"I Just Meet the Most Interesting People Everywhere I Go"
Sandra and George Harrison
To know her is to have met a true lady in the classic meaning of the word. Engaging, attractive, vibrant, imbued with Southern charm and class, Sandra Harrington is one 67-year-old dynamo. At our Village Views editorial board meetings, the atmosphere in the room always becomes animated when Sandra arrives. As the French would say, she radiates a certain joie de vivre. This is a fitting time to pay tribute to Sandra and her enormous contribution to this publication, which would not be the professional entity it has become without the woman whom our editor, John, calls “the eagle eye.” Sandra herself says she is “a real good nit-picker. I’ve always believed in grammar, punctuation, and getting it right!”
Sandra normally writes our “Who’s Who”pieces, but is currently recuperating from major surgery to remove a huge tumor from her brain. Fortunately, it was not malignant. Her family had become concerned when she started “walking like Ozzy Osbourne,” talking strangely, reaching for vocabulary. Her grandkids affectionately began calling her “Grandma Dory” after the scatterbrained blue fish in the movie Finding Nemo. As Sandra was going into surgery, the grandchildren handed her a toy blue fish, and lovingly reminded her of Dory’s mantra throughout the movie:“Just keep swimming!”
With the wonderful staff that cared for her at Moffitt, Sandra has pulled through nicely. Her devoted husband, George, she calls “the wind beneath my wings”; when he telephoned to check on her during our interview and she explained she was just telling me how wonderful he was, he said to just call him Saint George as that would cover it all. A delightful couple, indeed.
Ten years her senior, George the Texan still works as an investment banker; Sandra says he will never retire. “They’ll have to drag him out, kicking and screaming!” They are best friends. “We go everywhere together,” Sandra says,“and we always have.” George is teased at the office, she continues, because he is always willing to go out with the girls. He even likes chick flicks!
While at Huntingdon College in Montgomery, Alabama, Sandra said history was being made around her. “At the time I was just a giddy college girl, Rosa Parks refused to move to the back of the bus right there where I was!” Sandra said that mothers immediately forbade their children to ride buses since “people would be shooting.”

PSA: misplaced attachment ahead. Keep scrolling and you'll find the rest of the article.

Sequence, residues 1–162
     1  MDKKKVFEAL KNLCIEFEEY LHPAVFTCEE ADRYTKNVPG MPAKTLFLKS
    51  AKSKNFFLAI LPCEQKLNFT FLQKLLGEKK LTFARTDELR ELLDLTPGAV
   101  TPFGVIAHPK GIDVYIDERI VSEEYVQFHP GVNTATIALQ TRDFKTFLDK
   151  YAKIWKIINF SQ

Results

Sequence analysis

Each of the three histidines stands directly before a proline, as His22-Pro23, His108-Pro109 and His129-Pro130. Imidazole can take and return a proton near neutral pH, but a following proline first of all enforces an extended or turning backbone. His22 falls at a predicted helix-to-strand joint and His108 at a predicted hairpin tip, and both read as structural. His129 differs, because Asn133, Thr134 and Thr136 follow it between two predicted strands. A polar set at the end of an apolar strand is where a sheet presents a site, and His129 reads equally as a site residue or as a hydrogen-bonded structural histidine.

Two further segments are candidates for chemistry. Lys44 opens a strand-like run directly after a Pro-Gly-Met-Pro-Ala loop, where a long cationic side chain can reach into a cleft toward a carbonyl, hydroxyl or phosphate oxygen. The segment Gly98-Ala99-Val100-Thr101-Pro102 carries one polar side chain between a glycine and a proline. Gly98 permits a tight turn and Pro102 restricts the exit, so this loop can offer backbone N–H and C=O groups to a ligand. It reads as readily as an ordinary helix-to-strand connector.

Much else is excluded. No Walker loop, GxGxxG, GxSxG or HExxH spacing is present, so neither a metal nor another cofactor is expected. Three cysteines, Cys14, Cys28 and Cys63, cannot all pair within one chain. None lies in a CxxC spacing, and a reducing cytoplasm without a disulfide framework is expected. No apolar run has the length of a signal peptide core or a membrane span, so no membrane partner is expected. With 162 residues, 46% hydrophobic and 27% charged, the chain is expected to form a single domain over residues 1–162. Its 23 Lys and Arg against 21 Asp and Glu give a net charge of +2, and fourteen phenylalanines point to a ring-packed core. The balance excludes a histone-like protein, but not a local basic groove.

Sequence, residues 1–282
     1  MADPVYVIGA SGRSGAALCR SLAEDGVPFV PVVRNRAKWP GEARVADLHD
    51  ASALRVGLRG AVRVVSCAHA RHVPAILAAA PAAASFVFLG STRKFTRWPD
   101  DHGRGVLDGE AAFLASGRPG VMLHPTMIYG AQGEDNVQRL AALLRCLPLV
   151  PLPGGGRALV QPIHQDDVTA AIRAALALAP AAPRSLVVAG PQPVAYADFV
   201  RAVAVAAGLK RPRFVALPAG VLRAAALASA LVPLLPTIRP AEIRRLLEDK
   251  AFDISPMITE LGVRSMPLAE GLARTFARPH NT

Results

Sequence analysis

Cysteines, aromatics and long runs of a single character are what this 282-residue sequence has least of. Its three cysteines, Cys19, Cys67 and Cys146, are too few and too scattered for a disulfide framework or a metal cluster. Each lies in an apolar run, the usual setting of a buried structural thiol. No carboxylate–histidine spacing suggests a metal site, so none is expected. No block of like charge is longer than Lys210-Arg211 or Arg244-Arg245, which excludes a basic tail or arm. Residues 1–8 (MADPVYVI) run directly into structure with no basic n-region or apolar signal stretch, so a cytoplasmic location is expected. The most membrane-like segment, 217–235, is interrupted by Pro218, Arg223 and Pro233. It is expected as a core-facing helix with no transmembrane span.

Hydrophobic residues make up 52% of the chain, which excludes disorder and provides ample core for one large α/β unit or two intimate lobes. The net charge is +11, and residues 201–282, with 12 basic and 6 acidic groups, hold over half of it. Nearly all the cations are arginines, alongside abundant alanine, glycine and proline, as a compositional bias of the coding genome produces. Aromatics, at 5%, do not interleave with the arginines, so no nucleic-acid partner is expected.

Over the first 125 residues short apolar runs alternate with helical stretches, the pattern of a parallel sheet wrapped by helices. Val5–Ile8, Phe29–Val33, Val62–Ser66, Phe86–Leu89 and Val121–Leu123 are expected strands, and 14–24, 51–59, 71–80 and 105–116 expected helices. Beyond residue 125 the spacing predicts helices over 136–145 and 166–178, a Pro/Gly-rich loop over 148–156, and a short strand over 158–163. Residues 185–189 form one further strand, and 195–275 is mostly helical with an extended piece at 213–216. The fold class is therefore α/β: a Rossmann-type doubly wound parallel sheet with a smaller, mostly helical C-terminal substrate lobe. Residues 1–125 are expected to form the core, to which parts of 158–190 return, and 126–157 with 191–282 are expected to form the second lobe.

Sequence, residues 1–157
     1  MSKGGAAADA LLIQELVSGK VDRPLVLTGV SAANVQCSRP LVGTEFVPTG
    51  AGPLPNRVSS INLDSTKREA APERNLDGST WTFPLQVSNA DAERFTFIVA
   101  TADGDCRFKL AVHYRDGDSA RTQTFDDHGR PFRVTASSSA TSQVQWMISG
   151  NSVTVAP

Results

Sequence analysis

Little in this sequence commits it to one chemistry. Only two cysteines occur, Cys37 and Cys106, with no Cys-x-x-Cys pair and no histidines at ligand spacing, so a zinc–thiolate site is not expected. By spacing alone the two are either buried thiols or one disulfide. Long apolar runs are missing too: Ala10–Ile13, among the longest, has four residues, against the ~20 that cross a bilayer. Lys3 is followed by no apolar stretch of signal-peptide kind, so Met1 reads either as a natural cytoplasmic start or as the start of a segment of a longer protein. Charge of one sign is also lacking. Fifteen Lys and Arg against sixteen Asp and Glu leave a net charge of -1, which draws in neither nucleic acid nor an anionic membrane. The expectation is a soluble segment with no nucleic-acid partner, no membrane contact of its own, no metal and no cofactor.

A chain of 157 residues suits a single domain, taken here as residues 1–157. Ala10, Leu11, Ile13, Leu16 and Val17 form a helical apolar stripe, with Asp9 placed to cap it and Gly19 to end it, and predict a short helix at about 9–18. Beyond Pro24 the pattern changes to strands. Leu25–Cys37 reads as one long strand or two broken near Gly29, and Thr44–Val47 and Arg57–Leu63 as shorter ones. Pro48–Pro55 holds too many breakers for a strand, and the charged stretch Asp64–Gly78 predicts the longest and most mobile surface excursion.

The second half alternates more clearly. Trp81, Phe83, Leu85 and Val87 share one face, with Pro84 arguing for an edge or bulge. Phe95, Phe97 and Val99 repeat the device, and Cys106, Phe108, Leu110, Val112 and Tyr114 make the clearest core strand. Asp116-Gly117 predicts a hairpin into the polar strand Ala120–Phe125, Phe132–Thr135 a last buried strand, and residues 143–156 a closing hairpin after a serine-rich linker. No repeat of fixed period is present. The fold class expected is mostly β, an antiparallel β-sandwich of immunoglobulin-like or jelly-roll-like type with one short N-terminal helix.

After transferring to FSU, she joined Alpha Xi Delta sorority, a lifelong source of friendship. By the age of 26, Sandra was married and already had four children because, she says,“back then we didn’t have the pill;we had things that fail!” Her three girls and one boy she describes as so different that one would “never know they grew up in the same home.” For instance, during one election the four votes divided out into one for Clinton, one for Bush, and two for Perot.
Son Chris, now a chief warrant officer in the Marines and student at Northwestern University, ran away and joined a touring carnival out of high school. Sandra laughs as she notes he has never married, so he “doesn’t have a lot of wear and tear on him.” She then adds that she warned him he is going to “get snatched up by one of those desperate housewives.” Daughter Cindy is an attorney, as well as an active church and community volunteer. Another daughter is known as “disaster Darby,” since unusual situations seem to hit her, such as the day of Sandra’s diagnosis when her Land O Lakes home was struck by a tornado.The baby, daughter Shawn,was born on St. Patrick’s Day, so, says Sandra, she would have gotten that name regardless of gender; Shawn is their “Wild Irish Rose.”
George and Sandra’s mid-life marriage 22 years ago merged two warm families into one closely-knit unit that now includes 12 grandchildren.“My family is wonderful,” Sandra exclaims.“They were all here,my four and beloved step-daughter Marsha,when I had my surgery. One of the blessings was watching my children as they interacted with me and with each other.
- by Patricia Neemeh
I don’t think many of us in Tampa Bay are as appreciative as we should be that we have a class hospital like Moffitt Cancer Center right here in our back yard. A significant part of Moffitt is the research arm, housed in the new Vincent A Stabile Building.
When Dr. Brem,my brain surgeon, told
George and me that because of the
significant size of my tumor, they’d like
to study it at the research center,we
wondered if we could get visitation
rights.That’s how giddy you get when
you’ve dodged a bullet.